So, fellow music aficionados, I would recommend checking out that book — and the website on which it is available, Internet Archive, has many more interesting things to find. So no complaining of being bored on these cold January days. Practice your music, or at least read and learn about it!

On that note, I have also been taking a great online course on the website Coursera about the world of the STRING QUARTET! It has been amazing! Check it out if you have the time! There are so many great musical learning resources on this website, it’s so great.

StringQuartet_FNL

The Aizuri Quartet

Stay tuned for more posts about what I found in that magical box of music — I must share that I also found some copies of a periodical titled “The Etude” from 1919!!! There are so many interesting articles in it that I must share with you soon.

In the meantime, have a wonderful day! Cheers!

 

Free Downloads!

WIN_20150809_174432

My daughter Kali and I (see silly picture above) love coming up with fun practice ideas and she has helped me create quite a few awesome charts. I have added a new page to this website to share some of our ideas and you are welcome to download them, free for personal use. If you are another violin teacher you definitely have my permission to give these out in your studio as well.

Click here to visit my Free Downloads page!

And check back with me — I will be adding more!

ALSO — don’t miss my next concert, I will be playing holiday music with the Madison Community Orchestra in our beautiful WI State Capital Rotunda on Saturday, December 19th at NOON. Don’t miss it! Free and kid friendly!

Don’t forget to like my FB page! Thanks peeps!

Fun Fall Beginnings

Fall is my favorite time of year — getting back into the school routine with the kids, crisp air, crunchy leaves, apples, and for me — the start of my new violin studio AND the start of orchestra rehearsals! You may have noticed the work we have been doing on our front porch, which had a sagging roof and rotting wood everywhere. That is all fixed now and we have put on new decking so it is nice and safe. The studio is now open and a few students are starting to trickle in. Yay! If you are interested in lessons for yourself or your child, email me at sarahhemm@gmail.com. We can also set up a time for you to come in and observe a lesson or do a trial lesson. More information is available on this website.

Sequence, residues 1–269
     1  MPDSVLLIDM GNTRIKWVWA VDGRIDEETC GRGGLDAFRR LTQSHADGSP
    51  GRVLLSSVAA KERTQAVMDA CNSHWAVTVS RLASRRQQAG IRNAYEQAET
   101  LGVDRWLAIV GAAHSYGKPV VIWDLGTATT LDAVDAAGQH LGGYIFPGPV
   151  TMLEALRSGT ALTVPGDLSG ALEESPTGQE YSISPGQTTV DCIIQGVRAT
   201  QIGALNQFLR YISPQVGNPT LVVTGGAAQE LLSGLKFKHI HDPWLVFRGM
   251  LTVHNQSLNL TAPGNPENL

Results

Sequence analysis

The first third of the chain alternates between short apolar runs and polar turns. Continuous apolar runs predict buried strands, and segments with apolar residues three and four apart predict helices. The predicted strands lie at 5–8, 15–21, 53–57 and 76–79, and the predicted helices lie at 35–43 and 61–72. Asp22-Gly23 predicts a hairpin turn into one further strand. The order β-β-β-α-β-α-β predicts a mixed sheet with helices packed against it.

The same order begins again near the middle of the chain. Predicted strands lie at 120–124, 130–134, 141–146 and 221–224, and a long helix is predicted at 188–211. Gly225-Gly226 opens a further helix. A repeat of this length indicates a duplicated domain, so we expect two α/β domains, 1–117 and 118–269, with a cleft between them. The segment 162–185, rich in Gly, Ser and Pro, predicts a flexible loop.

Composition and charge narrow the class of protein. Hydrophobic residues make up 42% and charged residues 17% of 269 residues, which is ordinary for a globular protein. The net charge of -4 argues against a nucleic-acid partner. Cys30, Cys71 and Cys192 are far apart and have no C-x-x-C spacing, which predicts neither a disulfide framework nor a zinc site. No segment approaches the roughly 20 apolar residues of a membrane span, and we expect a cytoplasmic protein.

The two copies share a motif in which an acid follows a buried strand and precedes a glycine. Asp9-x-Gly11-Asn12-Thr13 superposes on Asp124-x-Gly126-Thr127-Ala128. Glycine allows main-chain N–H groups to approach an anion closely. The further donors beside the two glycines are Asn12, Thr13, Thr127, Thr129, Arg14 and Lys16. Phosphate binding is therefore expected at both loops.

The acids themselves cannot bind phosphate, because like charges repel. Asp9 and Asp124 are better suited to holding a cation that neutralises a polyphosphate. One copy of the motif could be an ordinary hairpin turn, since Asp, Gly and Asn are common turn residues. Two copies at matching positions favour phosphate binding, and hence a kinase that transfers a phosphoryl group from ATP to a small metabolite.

This month, I joined the Madison Community Orchestra. I was a little nervous because I had not played with an orchestra since I was in the Wisconsin Youth Symphony Orchestra in the 90s! Although my sight reading, at tempo no less, has room for improvement, I was happy to find the music challenging, and the conductor and other musicians inspiring. After all, I wouldn’t be a violinist if I didn’t love a challenge.

We are playing some great music and our first concert is coming up on Friday, October 23 at 7:30 – 9:00 pm. It is at the Norman Mitby Theater at the main MATC at 1701 Wright St. in Madison. More info about the concert here. Hope to see you there! We are playing excerpts of Delibes Coppelia ballet and the Fierrabras Overture by Schubert.

Studio Opening Soon!

I’m very excited to announce that I will be officially accepting students in September! As many of you know, we have recently moved to Brodhead and are restoring my great-grandmother’s Victorian house. The work is far from completed, but I am putting the finishing touches on the music studio and am definitely ready to get started teaching violin lessons!

Meanwhile this summer, I’ve been having lots of fun with my friends and family.

11709636_921829717855719_1660646544717316857_n

My niece Natalie and I breaking in the new studio space.

11825038_929617697076921_3830020858840672770_n

Natalie is in the Janesville school orchestra program, and here she is teaching us how to play one of the songs she was learning for summer strings camp. Fun!

11817150_929219037116787_9018956629971120963_n

My youngest student — my nephew Lukas!! He is playing what I like to call the “squeaky wheel” !!

11240087_10153519121236151_7226649903004873215_oFiona teaching Twinkle to her cat, “Mary the Moondust”

Follow my Instagram @sarah__hemm

“Like” my Facebook page!

Also feel free to check out my member page on the Suzuki Association of the Americas website.

If you are interested in lessons or would like to observe a lesson to see what Suzuki violin is all about, please feel free to email me at sarahhemm@gmail.com with any questions or to set up a time to meet!